If you're not outraged, you're not paying attention
An analysis of the passage of the Homeland Security Act
I am still in complete shock and disbelief at the passage of the Homeland Security Act on Tuesday November 19th, 2002 with only 9 senators (8 democrats and 1 independent) voting against it. After only 30 hours of debate the Senate overwhelmingly passed the most significant piece of legislation in the past 50 years. A 475 page document that probably none of them had read entirely.
Oddly, it's been conservative republicans that have had the loudest voices opposing the bill. William Saffire (a right wing columnist) and Ron Paul (a republican congressman from Texas) both wrote pieces talking about the danger of this legislation. Some excerpts from Paul:
The list of dangerous and unconstitutional powers granted to the new Homeland Security department is lengthy. Warrantless searches, forced vaccinations of whole communities, federal neighborhood snitch programs, federal information databases, and a sinister new "Information Awareness Office" at the Pentagon that uses military intelligence to spy on domestic citizens are just a few of the troubling aspects of the new legislation.
Safire had the following to say:
Every purchase you make with a credit card, every magazine subscription you buy and medical prescription you fill, every Web site you visit and e-mail you send or receive, every academic grade you receive, every bank deposit you make, every trip you book and every event you attend ? all these transactions and communications will go into what the Defense Department describes as "a virtual, centralized grand database."
To this computerized dossier on your private life from commercial sources, add every piece of information that government has about you ? passport application, driver's license and bridge toll records, judicial and divorce records, complaints from nosy neighbors to the F.B.I., your lifetime paper trail plus the latest hidden camera surveillance ? and you have the supersnoop's dream: a "Total Information Awareness" about every U.S. citizen.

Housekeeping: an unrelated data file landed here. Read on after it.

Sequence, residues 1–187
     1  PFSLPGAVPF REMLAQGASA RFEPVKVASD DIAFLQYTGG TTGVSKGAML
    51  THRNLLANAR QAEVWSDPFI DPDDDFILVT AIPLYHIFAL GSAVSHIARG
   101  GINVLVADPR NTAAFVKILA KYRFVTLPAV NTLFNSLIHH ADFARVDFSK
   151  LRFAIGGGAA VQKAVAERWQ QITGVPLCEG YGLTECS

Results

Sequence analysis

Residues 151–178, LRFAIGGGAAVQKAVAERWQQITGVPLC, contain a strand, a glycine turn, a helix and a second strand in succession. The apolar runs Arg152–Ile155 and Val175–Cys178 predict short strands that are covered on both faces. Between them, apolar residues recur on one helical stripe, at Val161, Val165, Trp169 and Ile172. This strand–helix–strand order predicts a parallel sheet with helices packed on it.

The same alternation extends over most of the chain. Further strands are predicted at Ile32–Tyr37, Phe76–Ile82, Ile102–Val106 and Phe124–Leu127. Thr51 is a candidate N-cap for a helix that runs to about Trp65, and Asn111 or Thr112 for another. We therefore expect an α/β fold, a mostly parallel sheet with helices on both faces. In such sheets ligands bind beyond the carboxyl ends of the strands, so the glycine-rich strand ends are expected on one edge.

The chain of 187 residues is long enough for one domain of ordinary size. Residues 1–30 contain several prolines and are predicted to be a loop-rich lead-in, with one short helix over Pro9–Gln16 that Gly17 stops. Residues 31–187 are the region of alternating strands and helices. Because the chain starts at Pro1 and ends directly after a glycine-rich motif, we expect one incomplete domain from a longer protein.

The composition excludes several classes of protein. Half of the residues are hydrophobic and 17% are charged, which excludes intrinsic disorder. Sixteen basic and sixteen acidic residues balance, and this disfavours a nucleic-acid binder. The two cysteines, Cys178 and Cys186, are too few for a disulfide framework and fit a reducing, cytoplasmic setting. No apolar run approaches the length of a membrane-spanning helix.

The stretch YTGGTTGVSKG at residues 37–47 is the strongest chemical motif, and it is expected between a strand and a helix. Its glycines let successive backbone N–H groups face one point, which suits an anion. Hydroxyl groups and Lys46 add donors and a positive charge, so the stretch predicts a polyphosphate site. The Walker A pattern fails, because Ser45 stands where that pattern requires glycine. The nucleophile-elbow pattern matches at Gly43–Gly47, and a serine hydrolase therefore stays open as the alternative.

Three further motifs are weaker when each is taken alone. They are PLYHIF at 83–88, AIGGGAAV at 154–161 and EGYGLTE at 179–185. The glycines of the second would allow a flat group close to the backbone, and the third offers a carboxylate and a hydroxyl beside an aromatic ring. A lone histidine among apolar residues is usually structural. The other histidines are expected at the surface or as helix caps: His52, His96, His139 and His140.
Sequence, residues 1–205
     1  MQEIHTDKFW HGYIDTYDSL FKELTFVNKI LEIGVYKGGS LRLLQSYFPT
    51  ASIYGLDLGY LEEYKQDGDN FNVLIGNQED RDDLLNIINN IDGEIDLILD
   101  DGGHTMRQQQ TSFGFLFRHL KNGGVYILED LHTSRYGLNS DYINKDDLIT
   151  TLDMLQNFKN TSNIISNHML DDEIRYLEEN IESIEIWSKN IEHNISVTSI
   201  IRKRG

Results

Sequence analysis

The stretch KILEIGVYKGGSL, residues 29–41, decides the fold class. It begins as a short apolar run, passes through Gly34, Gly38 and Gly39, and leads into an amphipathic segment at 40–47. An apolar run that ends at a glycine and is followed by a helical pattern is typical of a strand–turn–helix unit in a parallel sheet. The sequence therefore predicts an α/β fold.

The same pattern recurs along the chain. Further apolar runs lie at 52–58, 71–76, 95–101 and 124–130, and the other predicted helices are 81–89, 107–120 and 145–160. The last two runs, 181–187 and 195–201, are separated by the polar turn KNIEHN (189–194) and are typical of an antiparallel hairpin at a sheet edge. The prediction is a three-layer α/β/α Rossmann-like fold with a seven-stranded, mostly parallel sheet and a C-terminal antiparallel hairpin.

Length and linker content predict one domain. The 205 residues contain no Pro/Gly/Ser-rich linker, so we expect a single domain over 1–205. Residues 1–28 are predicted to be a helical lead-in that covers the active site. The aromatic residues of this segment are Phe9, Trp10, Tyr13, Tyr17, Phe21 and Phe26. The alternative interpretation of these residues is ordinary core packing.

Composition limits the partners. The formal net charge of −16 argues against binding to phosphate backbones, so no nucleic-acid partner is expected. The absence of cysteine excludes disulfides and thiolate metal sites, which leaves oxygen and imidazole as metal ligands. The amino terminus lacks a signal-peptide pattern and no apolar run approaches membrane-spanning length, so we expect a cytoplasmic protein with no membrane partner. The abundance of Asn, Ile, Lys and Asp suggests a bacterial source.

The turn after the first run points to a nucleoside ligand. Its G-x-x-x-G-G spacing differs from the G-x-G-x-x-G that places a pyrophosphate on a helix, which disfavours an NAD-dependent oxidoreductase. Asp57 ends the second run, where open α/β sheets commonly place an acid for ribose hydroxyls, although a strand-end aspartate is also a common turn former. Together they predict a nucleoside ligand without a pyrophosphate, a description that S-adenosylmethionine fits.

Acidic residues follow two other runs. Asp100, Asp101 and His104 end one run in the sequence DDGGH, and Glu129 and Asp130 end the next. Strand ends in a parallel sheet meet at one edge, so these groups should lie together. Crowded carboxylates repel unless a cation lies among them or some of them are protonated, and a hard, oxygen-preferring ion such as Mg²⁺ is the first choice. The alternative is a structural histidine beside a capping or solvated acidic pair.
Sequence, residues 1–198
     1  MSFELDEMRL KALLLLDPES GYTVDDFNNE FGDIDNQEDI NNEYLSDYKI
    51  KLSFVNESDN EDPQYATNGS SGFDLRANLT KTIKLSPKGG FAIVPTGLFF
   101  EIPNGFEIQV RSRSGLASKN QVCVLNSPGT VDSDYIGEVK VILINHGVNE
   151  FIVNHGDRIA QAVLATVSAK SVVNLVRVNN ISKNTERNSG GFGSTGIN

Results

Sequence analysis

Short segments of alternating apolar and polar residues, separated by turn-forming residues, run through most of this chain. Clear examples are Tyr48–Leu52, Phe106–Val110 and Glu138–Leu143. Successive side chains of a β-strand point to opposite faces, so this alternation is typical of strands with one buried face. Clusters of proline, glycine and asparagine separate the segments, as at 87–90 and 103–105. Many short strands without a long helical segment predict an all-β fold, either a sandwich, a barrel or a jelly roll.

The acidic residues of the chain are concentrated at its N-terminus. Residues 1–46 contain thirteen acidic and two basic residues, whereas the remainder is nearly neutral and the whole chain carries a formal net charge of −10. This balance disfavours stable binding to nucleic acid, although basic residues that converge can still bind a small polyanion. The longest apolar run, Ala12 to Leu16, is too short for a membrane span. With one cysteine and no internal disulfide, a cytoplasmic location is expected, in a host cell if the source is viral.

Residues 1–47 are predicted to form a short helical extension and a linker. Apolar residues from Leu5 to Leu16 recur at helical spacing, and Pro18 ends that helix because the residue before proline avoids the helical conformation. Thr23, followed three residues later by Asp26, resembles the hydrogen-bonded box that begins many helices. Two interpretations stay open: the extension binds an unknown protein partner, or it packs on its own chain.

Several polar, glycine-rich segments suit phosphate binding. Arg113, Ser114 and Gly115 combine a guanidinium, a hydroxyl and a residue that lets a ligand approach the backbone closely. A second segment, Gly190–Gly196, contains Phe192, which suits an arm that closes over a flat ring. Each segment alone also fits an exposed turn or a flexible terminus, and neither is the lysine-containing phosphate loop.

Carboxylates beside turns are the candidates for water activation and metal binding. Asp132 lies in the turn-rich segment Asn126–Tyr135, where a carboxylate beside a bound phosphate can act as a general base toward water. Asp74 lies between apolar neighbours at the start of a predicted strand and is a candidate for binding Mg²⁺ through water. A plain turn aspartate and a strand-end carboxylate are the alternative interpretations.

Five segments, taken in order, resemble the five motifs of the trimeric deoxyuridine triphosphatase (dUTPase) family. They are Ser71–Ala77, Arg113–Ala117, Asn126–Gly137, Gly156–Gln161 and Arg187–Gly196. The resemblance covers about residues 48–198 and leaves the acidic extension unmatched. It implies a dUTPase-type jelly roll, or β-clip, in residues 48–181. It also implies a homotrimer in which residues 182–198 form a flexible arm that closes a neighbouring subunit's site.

Senator Byrd was one of he few vocal opponents in the Senate. His comments are worth reading in full but here are some highlights:
[This bill] has not been before any committee. There have been no hearings on this bill. There have been no witnesses who were asked to appear to testify on behalf of the bill or in opposition to it. It did not undergo any such scrutiny... We are going to have 30 hours of debate. That is it, 30 hours... And this is one of the most far-reaching pieces of legislation I have seen in my 50 years. I will have been in Congress 50 years come January 3... Never have I seen such a monstrous piece of legislation sent to this body. And we are being asked to vote on that 484 pages tomorrow. Our poor staffs were up most of the night studying it. They know some of the things that are in there, but they don't know all of them. It is a sham and it is a shame... We are all complicit in going along with it. I read in the paper that nobody will have the courage to vote against it. Well, ROBERT BYRD is going to vote against it because I don't know what I am voting for.
As far as I'm concerned one of the best reasons to vote against legislation is not knowing what you are voting for. I only wish more senators had possessed the same courage. Byrd goes on to mention the fact that all intelligence agencies issued statements that ?there is an imminent risk of another terrorist attack? the day this bill was passed and put hospitals on ?notice of a possible terrorist threat.? Like most everything this administration has been involved with, these threats constitute an impressive and suspiciously convenient distraction from the actions of the government. Byrd also blasts the effectiveness of this legislation to actually delivery what it is promising by stating, ?This bill does nothing--not a thing--to make our citizens more secure today or tomorrow.?